Solar power in New Mexico
Solar power in New Mexico in 2016 generated 2.8%  of the state's total electricity consumption, despite a National Renewable Energy Laboratory (NREL) projection suggesting a potential contribution three orders of magnitude larger.
Parabolic trough solar systems have been determined to be the most cost effective large systems, and in July 2008 New Mexico's utilities combined to release an RFP for a parabolic trough solar system to generate from 211,000 and 375,000 megawatt-hours (MW·h) per year by 2012. New Mexico generated 514 MW·h from solar power in 2006, and 1,760 in 2007.
Sandia National Laboratories
Sandia National Laboratories has been testing solar thermal devices at Sandia’s National Solar Thermal Test Facility (NSTTF). On January 31, 2008, a Sterling solar ice-cream dish system set a solar-to-grid system conversion efficiency record of 31.25 percent net efficiency. The previous record was 29.4 percent, set in 1984.
As of July 29, 2008, New Mexico has one of the most generous metering laws in the country, and covers all systems up to 80 MW. Excess generation of less than $50 is rolled over to the next month; over that is paid to the consumer.
Renewable Portfolio Standard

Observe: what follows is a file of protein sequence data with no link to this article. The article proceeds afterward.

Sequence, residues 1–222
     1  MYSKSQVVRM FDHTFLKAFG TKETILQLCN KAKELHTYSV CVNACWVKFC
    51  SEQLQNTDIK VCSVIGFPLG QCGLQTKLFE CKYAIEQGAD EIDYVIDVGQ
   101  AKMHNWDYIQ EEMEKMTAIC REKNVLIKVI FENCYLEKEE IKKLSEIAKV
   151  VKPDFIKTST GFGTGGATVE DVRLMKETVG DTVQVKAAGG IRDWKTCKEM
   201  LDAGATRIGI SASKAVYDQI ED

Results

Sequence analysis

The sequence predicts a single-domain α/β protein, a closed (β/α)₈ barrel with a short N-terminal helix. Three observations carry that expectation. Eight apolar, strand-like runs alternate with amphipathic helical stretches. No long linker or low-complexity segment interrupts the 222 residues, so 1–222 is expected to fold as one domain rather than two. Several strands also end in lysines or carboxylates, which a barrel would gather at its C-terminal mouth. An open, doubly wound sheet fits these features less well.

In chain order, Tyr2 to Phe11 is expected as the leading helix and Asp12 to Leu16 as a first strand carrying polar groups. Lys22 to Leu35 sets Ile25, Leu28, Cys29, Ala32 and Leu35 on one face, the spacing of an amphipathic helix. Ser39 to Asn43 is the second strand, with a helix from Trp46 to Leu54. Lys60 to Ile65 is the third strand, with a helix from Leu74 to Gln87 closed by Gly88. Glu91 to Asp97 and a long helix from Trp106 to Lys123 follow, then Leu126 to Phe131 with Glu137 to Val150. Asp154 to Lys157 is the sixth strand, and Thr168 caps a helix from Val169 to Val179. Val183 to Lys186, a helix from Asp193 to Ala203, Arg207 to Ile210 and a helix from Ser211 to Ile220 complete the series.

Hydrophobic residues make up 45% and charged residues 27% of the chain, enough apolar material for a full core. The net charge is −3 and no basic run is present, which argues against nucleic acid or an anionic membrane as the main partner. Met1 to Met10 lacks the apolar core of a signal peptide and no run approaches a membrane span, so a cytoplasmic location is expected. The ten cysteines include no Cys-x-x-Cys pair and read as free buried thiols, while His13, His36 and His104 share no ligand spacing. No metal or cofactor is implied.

The New Mexico Renewable Portfolio Standard calls for 20% renewable energy by 2020, and 4% from solar power from investor owned utilities, and 10% renewable from rural electric cooperatives. Renewable Energy Certificates, (RECs), may be sold through the Western Renewable Energy Generation Information System (WREGIS).
As of January 2012, no concentrated solar power (CSP) plants are currently planned for New Mexico. Though NREL claims the state has the "technical potential" to install 4,860,000 MW of CSP covering 47% of the area of the state, at 2017 prices such a proposal would require a total overnight cost of $18,992,880,000,000 ($18 trillion), or 3,392 times the state's annual budget. Even if such a feat were financially feasible, critics note New Mexico would remain dependent on burning coal and "natural gas" (fossil fuel methane) to compensate for the loss of solar at night and during cloudy weather. Thermal storage permits CSP generation to be stored and used as needed, but with a round-trip efficiency of only 38% it is not currently cost-effective at a scale necessary to maintain grid reliability.
|New Mexico Solar Capacity (MWp)|
Solar powered facilities
|Wikimedia Commons has media related to Solar power in New Mexico.|
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- Four utilities partner on major solar project
- State's four major utilities partner on solar project
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